But what makes Axe Murders so much better than the plot suggests are the three characters’ back stories and the nuanced love-triangle between them.   Caleb is the hot loner guy whose father was killed when the two of them botched a robbery.  Denny is his Gay Friend and avid ghost hunter, whose own parents were killed in a car accident.  And Jess is the new girl in town, a transplant from Chicago, who is ostracized after a drunk-sex video of her is spread around the high school.  You get a trauma, and you get a trauma!  Everybody gets a trauma!


Thus, the trip to the axe murders house means different things to each of the trio.  For Denny, it is the final episode of his and Caleb’s webcasting friendship, and his seriousness for the endeavor shows how much the platform of their friendship means.  For Caleb, the whole event is simply a fun escapade, and he doesn’t seem to share Denny’s strong feelings about the fact that they will be parting forever the next day.  And for Jess, the road trip is an opportunity to finally find some friends and possibly move on from her stigmatization.  This means that the whole trip is shot through with both secret insecurities and secret hopes.  Denny doesn’t want to show quite how much Caleb’s leaving is affecting him and is miffed that Jess is tagging along, and Jess doesn’t want to show just how badly she wants to be accepted and thus must try to win Denny’s approval while still flirting with Caleb at the same time, and Caleb. . . well, to tell you the truth, Caleb is a bit of a rock.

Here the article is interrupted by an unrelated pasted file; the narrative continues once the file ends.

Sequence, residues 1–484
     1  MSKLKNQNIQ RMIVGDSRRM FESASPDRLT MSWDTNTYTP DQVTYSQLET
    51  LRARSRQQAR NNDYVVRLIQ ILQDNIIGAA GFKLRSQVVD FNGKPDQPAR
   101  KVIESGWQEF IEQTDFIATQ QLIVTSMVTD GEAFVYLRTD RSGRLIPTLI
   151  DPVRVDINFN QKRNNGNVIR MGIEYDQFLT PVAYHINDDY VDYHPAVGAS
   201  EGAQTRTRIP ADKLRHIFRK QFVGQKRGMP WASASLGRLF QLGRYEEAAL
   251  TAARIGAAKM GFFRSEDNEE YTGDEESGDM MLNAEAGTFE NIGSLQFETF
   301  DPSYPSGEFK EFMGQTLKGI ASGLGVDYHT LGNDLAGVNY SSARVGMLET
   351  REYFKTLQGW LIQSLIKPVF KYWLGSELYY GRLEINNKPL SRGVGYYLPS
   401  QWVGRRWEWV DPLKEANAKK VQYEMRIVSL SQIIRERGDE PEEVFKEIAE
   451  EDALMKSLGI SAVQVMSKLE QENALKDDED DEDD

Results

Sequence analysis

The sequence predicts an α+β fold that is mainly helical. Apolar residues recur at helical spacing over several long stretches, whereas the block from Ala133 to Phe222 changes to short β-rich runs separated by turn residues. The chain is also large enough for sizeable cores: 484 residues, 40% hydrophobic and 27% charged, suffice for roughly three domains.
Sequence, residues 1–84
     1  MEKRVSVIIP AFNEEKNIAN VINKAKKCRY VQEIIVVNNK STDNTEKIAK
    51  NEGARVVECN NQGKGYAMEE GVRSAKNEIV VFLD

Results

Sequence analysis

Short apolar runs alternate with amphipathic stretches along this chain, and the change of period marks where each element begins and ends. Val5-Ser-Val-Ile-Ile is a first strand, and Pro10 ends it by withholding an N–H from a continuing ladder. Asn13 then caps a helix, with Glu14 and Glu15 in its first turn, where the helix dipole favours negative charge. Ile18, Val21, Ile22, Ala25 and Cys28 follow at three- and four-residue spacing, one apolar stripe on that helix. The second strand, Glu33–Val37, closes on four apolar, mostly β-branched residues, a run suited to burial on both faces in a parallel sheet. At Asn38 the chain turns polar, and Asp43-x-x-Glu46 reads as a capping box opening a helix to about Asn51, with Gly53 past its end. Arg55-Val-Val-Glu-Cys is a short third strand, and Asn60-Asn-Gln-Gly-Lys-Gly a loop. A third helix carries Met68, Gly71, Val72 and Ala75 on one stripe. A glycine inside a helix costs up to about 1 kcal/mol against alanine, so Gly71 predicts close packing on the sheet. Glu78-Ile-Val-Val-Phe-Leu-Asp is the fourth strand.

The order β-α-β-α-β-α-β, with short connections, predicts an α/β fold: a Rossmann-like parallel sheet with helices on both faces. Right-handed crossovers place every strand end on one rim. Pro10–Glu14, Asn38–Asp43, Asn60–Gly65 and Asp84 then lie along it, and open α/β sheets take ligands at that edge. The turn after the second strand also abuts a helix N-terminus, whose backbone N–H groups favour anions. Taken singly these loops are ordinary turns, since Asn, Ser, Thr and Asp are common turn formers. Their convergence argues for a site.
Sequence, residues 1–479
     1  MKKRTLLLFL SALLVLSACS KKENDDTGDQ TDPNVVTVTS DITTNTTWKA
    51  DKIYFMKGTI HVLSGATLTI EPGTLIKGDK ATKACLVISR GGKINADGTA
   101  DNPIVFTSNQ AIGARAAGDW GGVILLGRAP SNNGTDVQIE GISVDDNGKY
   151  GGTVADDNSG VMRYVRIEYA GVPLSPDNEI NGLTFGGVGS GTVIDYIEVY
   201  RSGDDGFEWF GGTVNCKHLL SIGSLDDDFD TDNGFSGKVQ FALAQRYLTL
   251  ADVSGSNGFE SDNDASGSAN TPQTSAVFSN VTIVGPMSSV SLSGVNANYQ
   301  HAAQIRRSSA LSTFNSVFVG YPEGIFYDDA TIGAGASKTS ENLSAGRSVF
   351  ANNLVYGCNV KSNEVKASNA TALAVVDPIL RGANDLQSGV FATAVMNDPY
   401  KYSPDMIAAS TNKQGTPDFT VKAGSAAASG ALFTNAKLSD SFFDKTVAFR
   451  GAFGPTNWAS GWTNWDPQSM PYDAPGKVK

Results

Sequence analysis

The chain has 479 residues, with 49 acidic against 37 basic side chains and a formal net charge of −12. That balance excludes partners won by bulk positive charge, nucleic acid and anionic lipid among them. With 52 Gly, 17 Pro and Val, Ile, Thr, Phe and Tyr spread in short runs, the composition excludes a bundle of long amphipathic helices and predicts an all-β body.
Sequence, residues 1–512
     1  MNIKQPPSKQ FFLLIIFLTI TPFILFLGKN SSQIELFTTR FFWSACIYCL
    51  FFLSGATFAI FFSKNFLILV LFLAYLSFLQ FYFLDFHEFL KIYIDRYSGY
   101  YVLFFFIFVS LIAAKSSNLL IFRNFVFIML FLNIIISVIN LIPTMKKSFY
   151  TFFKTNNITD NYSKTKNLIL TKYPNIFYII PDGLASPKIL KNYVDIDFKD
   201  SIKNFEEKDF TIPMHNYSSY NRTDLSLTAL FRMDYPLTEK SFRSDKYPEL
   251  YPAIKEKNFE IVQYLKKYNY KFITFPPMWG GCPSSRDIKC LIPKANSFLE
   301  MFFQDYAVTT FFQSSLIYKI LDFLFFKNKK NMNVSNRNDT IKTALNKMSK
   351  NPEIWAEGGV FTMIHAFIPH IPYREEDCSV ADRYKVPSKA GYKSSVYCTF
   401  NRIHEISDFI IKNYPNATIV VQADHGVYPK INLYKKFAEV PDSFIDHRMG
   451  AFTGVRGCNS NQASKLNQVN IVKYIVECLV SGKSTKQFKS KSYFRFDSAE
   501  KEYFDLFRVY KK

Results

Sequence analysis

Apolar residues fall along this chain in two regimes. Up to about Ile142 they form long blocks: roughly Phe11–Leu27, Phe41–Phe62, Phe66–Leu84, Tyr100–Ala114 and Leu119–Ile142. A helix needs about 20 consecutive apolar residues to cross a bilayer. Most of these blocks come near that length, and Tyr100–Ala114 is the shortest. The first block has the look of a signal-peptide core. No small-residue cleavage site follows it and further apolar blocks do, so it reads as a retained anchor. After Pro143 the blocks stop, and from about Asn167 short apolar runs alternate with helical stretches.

(“I don’t mind rocks” Gay Friend chimes in)

But less Caleb just means more screentime for Denny and Jess: a pair of worthy performances from "don't sleep on him" Jarrett Sleeper and the (I swear) correctly spelled Alex Frnka.  Tony Valenzuela deserves credit for directing several pitch perfect scenes that convey the characters’ inner conflicts without overplaying or pandering.

FOR EXAMPLE, when Caleb asks Jess to take a selfie with him, she visibly hesitates.  She doesn’t mention anything about the video that haunts her, but an engaged viewer can tell the mental calculus that she’s performing between wanting to please Caleb and being still burned by the last guy who took her picture.  And that hesitation happens again when she decides to post the photo to social media, which isn’t really about Caleb at all, but rather about daring to wade into the treacherous waters online life again.  It’s a subtle moment, and not even only a symbolic one, as the photo she uploads becomes a key instrument later on in moving the plot forward.